Or, rather, dear God please help me because I am not equipped for 8-year-old angst.
Seriously. Can she not wait just a few years before putting my mama heart through the wringer?
So Friday, during my lunch hour, I took Tootie to get her hair cut before school started today. She told the stylist she wanted a longish bob that fell to her shoulders.
Well, apparently, the stylist, who I’m pretty sure is new, couldn’t get the sides even, which means she just kept cutting. And cutting.
End result: My daughter, hunched over in the car, sobbing and chanting, “I look like a freak. I’m NOT going to school like this.”
Enter wailing: “I can’t wear ponytails! I look ugly with short hair! I look like a boy!”
Actually, she looked adorable. But when I told her so, she accused me of parental bias.
“You have to say that,” my little Tootie wept. “You’re my moooooootherrrrrr.”
So I pulled out my arsenal of girlie ammo.
“Let’s get our nails done!” I declared.
Tootie left the salon with glittery gold fingernails.
I left with a new color of toe polish.
The next day, we finished up some last-minute shopping.
The hair. It was too short. Her social life — doomed.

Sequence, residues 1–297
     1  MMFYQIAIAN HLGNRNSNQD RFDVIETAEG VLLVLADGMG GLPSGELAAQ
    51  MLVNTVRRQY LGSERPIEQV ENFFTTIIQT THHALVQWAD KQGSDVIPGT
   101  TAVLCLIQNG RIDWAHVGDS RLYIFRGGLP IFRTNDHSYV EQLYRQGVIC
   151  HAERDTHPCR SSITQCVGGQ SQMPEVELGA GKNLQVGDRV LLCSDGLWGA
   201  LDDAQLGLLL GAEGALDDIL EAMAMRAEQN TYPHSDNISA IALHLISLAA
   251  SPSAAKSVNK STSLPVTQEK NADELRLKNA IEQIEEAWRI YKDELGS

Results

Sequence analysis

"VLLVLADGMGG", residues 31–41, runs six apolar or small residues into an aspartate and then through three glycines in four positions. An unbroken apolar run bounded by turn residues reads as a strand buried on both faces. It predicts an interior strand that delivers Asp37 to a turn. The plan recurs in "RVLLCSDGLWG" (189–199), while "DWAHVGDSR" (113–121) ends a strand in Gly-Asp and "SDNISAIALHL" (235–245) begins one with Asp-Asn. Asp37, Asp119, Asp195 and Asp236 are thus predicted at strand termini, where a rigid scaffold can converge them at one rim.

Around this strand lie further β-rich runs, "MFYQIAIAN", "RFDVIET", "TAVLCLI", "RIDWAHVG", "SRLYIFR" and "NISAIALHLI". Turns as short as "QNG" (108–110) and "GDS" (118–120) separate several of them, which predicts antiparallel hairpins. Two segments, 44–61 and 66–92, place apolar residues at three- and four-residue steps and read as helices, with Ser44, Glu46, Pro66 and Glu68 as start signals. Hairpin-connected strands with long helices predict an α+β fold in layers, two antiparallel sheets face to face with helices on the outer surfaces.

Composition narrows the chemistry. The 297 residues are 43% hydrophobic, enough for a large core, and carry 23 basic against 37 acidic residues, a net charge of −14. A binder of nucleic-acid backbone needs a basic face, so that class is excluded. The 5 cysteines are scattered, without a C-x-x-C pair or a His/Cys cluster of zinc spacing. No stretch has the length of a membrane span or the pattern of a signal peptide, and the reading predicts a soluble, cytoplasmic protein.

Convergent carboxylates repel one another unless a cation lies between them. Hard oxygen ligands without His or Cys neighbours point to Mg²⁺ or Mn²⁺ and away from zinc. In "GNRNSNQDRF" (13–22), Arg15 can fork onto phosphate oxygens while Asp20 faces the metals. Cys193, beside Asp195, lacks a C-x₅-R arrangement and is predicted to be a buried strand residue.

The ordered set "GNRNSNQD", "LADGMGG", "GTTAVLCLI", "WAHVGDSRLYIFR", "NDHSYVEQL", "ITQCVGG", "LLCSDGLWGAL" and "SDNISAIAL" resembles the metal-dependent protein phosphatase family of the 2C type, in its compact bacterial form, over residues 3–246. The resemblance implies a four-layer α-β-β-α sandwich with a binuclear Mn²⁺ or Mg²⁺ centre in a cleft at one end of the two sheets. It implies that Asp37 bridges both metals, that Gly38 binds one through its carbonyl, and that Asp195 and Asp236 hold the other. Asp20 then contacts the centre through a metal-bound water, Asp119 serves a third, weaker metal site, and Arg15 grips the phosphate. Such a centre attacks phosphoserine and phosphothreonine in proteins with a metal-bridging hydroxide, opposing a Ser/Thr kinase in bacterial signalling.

At the shoe store, as she looked longingly at a rack of shimmery earrings, she asked wistfully, “When can I get my ears pierced?”
“Whenever you’re ready,” I replied.
And off to Merle Norman we went.
I was a little worried about how she would handle it, but Tootie remained stoic before, during and after the piercing.
OK, so — manicure, piercing and lip gloss. Surely this would boost her confidence enough to forget about the haircut, right?
But see, it’s not the haircut that’s the crux of the issue.
It’s the fact that last year, Tootie’s best friend, Jada, moved away.
Since then, she’s been lost at recess, lonely in the lunchroom.
“I miss Jada,” she confided last night. “I wish she would move back.”
“Maybe this year, you’ll make some other friends,” I said. “But you have to give other girls a chance. They’re not going to be exactly like Jada. That’s what made her special. But if you get to know the other kids, you might see that they’re special in their own way too.”
And then we had a loooong discussion about how she’s smart and creative and sweet and that maybe it would be better not to dwell so much on hair that will, after all, grow out in a matter of weeks.
This morning, Baby Girl walked bravely into the classroom.
And my heart burst open with pride, even as it hurt for her loss of a best friend.